July 24, 2024
12 plants that will brighten your garden this winter | Features

Sometimes winter gardens are lacking when it comes to color, foliage and texture. This does not have to be the case in our area because there are some trees, shrubs, perennials and bulbs that can add a touch of color or fragrance to the garden between New Year’s and Valentine’s.

Here are a dozen of my favorite plants that make my garden come alive during those days when there is a chill in the air: winter jasmine, helleborus, witch hazel, hardy Cyclamen coum, camellias, winter sweet, breath of spring, daphne, edgeworthia, apricot, snowdrops and daffodils.

Camellias are known for their lovely flowers in the winter and have been enjoyed in Southern gardens for over 200 years. Few varieties of plants have had a more romantic history than Camellia japonica. They were first brought from China by spice boats that were bringing tea to Europe and then they arrived in American via Charleston in 1786. Camellias are said to be the “Sophistic of the plant world.” They have dark, glossy, green leaves that shine in the winter months showing off their picture-perfect blooms.

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If you are needing a low-growing shrub, you should take a look at winter jasmine (Jasminum nudiflorum). It is a vining, deciduous shrub that grows about 3 feet high and 4 feet wide that has arching green willowy stems that are covered with yellow flowers that cheer up any dreary day. It looks great cascading over the top of a retaining wall or tumbling down a bank.

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Winter sweet is one of several flower varieties that can bloom in winter. Betty Montgomery/Provided

One of my favorite shrubs is Daphne odora, and I hope I am never without one of these shrubs. It has either green or variegated leaves and the flowers come in white or magenta. The flowers are delightfully fragrant and if you bring some inside, it will perfume a room. The only drawback to this plant is it tends to get root rot in heavy clay soil.

Three other shrubs that are winter delights are breath of spring, winter sweet and witch hazel. These old-timey plants are highly fragrant. You will smell the delicious fragrance before you ever see the plants. Witch hazel has a clean, spicy scent that is uniquely its own. The flower colors range from yellow to orange and red depending on the varieties. Breath of spring (Lonicera fragrantissima) is very fragrant, as is winter sweet. Both of these shrubs have creamy, small flowers that are not showy but their fragrance makes up for the bloom. Breath of spring is considered aggressive in some areas but when it is planted in a drier location in the garden, it does not spread as fast.

If you need something for a small space, hardy Cyclamen coum might be what you are looking for. These violet-rose flowers that resemble butterflies open against glossy green foliage with silver variegation. The flowers provide welcome color in the winter to early spring months. Cyclamen coum grows 3-4 inches tall and performs best in the shade of other plants. It naturalizes well and once planted, do not disturb.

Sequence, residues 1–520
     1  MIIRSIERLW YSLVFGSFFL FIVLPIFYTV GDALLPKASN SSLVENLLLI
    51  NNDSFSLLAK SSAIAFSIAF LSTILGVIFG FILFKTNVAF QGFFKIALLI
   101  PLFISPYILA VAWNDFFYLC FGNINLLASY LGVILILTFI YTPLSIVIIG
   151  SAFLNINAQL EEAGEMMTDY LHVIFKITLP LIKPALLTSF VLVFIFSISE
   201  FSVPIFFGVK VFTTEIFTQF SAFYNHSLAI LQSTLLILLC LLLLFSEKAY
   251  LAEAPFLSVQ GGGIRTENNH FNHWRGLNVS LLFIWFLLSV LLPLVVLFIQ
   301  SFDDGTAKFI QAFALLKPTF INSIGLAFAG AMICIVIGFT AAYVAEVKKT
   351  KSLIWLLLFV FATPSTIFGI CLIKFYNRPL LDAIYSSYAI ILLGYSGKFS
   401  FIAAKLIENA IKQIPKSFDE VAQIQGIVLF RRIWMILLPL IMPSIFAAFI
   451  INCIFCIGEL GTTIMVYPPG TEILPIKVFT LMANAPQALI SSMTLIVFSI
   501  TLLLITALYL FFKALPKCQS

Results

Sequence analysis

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A plant that has become popular in recent years is Edgeworthia chrysantha, or paper bush as some call it. It is native to China and the Himalayas and provides fascinating winter interest. It begins to have silvery buds in December and makes a wonderful silhouette in the garden. The individual florets are tiny, but a few dozen make up a cluster of beautiful yellow flowers that are highly fragrant.

Snowdrops (Galanthus nivalis) are dainty little white flowers that line a path in the garden. They perform best in colder climates, but I planted them in the coolest part of the garden in some shade and they have done well for me. I fell in love with these little flowers after seeing them at a garden in Hillsboro, N.C., where Nancy Goodwin has thousands and thousands of them in a woodland garden.

Shortly after Christmas, during intervals of mild weather, the Japanese apricot (Prunus mume) perfumes the air with a sweet scent of almond. This small deciduous tree explodes with color in mid-January to February or March, depending on where you live and the variety you choose to grow. The fragrant flowers, which appear on bare stems, can be single or double and in colors of white, pink, rose or red. When the gray days of winter paint the landscape a bleak color, this small tree lights up the landscape.

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Braving the chill of winter, hellebores produce their pretty, nodding blooms starting in January and lasting until almost spring. Their most impressive feature is their five-petal flowers which appear in colors as diverse as apricot, green, slate, dusky rose, pink, maroon, white and a light yellow. They have a long flowering period and are a valuable asset in any garden. They are hardy, compact and low-maintenance and their foliage provides interest year round.

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The “happy blooms” of daffodils will cheer up almost any garden. Provided

And last but not least are daffodils. A day before the chilling weather settled in at Christmas, I picked about a dozen paperwhites and one “Rijnveld’s Early Sensation.” It is a classic yellow trumpet-type daffodil that is one of my favorites because it is the earliest-blooming daffodil that I grow. Daffodils are one of my favorite flowers and I have many varieties planted in the pasture by our driveway and in beds in the garden. These happy blooms can cheer up any garden.

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